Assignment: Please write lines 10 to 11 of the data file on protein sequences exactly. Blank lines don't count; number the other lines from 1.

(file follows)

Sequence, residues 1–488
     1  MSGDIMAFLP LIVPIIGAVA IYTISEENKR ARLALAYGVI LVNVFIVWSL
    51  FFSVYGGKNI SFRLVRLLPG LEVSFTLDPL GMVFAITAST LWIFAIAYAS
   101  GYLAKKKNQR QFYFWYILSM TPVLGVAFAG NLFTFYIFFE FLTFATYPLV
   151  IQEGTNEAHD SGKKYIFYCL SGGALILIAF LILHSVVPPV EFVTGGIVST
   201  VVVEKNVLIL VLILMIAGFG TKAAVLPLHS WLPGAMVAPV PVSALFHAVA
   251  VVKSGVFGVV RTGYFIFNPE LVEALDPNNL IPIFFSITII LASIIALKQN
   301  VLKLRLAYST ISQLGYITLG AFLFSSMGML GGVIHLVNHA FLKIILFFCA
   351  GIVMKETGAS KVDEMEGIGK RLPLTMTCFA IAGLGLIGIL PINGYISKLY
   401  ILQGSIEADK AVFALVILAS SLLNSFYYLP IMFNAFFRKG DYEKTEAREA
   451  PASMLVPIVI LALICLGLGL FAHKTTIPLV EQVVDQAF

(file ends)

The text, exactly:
   401  ILQGSIEADK AVFALVILAS SLLNSFYYLP IMFNAFFRKG DYEKTEAREA
   451  PASMLVPIVI LALICLGLGL FAHKTTIPLV EQVVDQAF